He got his first Formula 1 test the same year with McLaren-Mercedes and moved up to Formula 3000 with the team’s support. Heidfeld finished runner-up to Juan Pablo Montoya in 1998, having won three times. The next year Heidfeld dominated the category, winning four of the first six races and comfortably beating Jason Watt to the title. He also made further testing appearances for McLaren and it was believed the team were grooming him for a race seat.

Prost

But when Heidfeld arrived in F1 in 2000 it was with Alain Prost’s team. It was a difficult debut with a slow, unreliable car and a very experienced team mate in Jean Alesi.

Heidfeld compared well with his team mate, but the pair collided in the Austrian Grand Prix when Alesi tried to pass him.

Sauber

The following season Heidfeld switched to Sauber where he partnered rookie Kimi Raikkonnen. Heidfeld scored his first podium on his third outing for the team and out-scored Raikkonen 12 points to nine, but McLaren were impressed by the young Finnish driver and signed him instead of Heidfeld to partner David Coulthard for 2002.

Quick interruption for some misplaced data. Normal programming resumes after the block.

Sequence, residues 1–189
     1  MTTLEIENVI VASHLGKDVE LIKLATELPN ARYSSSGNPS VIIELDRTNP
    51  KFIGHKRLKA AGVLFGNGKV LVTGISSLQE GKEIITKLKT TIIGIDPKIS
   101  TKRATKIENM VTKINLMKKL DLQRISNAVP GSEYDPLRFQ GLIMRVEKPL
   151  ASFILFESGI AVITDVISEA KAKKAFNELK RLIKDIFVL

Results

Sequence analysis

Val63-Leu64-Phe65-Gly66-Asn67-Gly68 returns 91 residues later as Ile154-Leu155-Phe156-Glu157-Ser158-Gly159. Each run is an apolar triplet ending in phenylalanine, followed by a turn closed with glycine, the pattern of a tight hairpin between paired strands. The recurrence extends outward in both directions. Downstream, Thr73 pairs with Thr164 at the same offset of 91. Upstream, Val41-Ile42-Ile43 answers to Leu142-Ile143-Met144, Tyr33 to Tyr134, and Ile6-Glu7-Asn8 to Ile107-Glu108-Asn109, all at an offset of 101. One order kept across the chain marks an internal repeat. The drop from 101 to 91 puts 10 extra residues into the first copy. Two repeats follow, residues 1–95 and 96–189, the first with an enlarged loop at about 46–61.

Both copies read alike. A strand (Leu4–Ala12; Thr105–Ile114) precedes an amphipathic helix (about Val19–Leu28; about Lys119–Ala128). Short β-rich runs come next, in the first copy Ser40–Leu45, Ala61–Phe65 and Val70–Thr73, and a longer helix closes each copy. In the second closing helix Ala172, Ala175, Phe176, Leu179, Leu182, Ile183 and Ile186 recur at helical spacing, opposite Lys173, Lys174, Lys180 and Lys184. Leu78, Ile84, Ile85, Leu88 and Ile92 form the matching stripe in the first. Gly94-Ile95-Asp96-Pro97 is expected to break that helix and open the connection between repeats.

Heidfeld said: “It’s not a big disappointment especially because everyone has seen it coming over the last couple of weeks, but of course I was surprised. They should know what they are doing, but I don’t know – I don’t think I’ve done a lot wrong. I didn’t do a worse job than [Raikkonen].”

He stayed at Sauber for another two seasons, first with Felipe Massa as his team mate, then Heinz-Harald Frentzen. But the team were slipping down the field and Heidfeld found himself at Jordan in 2004. It was another team on the verge of being taken over but Heidfeld managed to claim a pair of points finishes.

Williams

That attracted the attention of Williams and engine partners BMW, who tested Heidfeld alongside Antonio Pizzonia for a 2005 race seat. Despite Pizzonia having driven for the team as a substitute in 2004, Heidfeld won the 2005 seat with support from BMW’s Mario Theissen.

Heidfeld quickly repaid their faith, scoring podiums at Sepang, Monte-Carlo (following a gutsy pass on Fernando Alonso) and the Nurburgring, having started from pole position at the latter. Late in the year he suffered a crash in testing at Monza and then a cycling accident, causing him to miss the final five rounds.